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Tuesday, August 20, 2019  Spokane, Washington  Est. May 19, 1883
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Road crews battle giant snowdrifts on state Highway 27

UPDATED: Wed., March 6, 2019, 11:12 a.m.

A rotary snowblower cuts into a giant snowdrift on state Highway 27 between Tekoa and Latah on Tuesday, March 5, 2019. The state Department of Transportation brought in heavy machinery to clear the snowdrifts and reopen several sections of the highway in southern Spokane County. (Jesse Tinsley / The Spokesman-Review)
A rotary snowblower cuts into a giant snowdrift on state Highway 27 between Tekoa and Latah on Tuesday, March 5, 2019. The state Department of Transportation brought in heavy machinery to clear the snowdrifts and reopen several sections of the highway in southern Spokane County. (Jesse Tinsley / The Spokesman-Review)

In a hard-fought victory over Mother Nature, road crews removed enough snow and ice to reopen a stretch of state Highway 27 north of Latah on Tuesday.

But the highway remained closed between Latah and Tekoa as crews continued clearing snowdrifts across southern Spokane County and northern Whitman County.

In some spots in recent days, the highway has been buried in more than 12 feet of snow, and crews have used giant tractor-mounted snowblowers to carve a path.

Dan Haupt, a maintenance superintendent with the state Department of Transportation, said the winter road conditions are the worst he’s seen in 28 years on the job.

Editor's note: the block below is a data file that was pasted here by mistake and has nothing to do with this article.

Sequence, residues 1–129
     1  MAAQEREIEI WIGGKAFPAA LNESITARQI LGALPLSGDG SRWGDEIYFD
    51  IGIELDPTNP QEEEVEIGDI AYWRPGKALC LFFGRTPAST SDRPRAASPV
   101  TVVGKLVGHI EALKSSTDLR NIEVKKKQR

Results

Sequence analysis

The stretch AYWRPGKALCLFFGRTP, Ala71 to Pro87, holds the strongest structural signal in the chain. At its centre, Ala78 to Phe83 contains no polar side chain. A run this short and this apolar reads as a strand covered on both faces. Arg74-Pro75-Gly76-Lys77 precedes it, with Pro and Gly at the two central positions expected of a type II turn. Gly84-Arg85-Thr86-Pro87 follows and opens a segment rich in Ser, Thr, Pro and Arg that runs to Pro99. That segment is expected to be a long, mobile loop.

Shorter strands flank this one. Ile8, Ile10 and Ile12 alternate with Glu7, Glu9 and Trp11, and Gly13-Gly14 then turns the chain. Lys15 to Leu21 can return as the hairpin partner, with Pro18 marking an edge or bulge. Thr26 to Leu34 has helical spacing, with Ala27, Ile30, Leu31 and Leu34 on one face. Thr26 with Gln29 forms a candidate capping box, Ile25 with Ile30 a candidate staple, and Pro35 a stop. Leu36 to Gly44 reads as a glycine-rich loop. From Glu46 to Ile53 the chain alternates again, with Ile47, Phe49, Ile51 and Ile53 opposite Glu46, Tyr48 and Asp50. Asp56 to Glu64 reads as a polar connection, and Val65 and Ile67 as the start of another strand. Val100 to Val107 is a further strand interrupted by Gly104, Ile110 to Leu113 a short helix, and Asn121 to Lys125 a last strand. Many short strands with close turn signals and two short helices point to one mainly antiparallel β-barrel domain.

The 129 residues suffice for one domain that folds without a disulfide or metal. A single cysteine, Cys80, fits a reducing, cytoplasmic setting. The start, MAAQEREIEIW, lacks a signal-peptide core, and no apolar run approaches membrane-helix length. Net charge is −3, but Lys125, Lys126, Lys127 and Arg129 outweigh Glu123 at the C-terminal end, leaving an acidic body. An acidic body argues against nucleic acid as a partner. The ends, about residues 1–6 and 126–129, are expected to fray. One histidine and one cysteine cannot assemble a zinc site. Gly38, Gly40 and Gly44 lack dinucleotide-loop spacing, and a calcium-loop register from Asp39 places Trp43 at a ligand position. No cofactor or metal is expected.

“Typically, we’ll get this once or twice through the winter. But this year it’s been one after another after another after another,” Haupt said, referring to the snowdrifts.

The most challenging area, he said, is in the shadow of Tekoa Mountain, where a persistent wind has carried massive amounts of snow across the highway.

“This is just 14 miles of road that happens to be the worst 14 miles of road we have, and trying to keep it open has been tough,” Haupt said.

One lane of Highway 27 was open Tuesday for emergency vehicles and a few residents to travel from Latah to Tekoa, but through traffic was still prohibited.

“We’ll go through, find the center of the road and work our way out to get it back to two lanes,” Haupt said.

He said most locals have been patient and understanding, but he urged drivers to abide by “road closed” signs, noting one man was recently trapped for hours after getting his car stuck on a closed section of the highway. The man might have been trapped overnight – or worse – if DOT crews hadn’t found him, Haupt said.

“If you see the sign, don’t go around it,” he said.

Jesse Tinsley

Martha Lou Wheatley-Billeter, a spokeswoman for Spokane County’s public works department, said county road crews have been working with 10 private contractors with bulldozers because regular snowplows were insufficient.

“The drifting has just been a nightmare,” she said. “The snow has settled and hardened to the point that our regular snow removal equipment is no longer effective, and we have to use bulldozers.”

On Tuesday evening, the county announced it was closing 5 miles of Cheney-Plaza Road between Wells Road and Old Highway 195 because of water and ice.

But Wheatley-Billeter said road crews weren’t too concerned about additional snow in this week’s forecast.

“We’re really not concerned about the snow that’s coming in,” she said. “It’s not going to be that substantial.”

Flooding also shouldn’t be a problem, as long as temperatures continue to rise gradually, she said.

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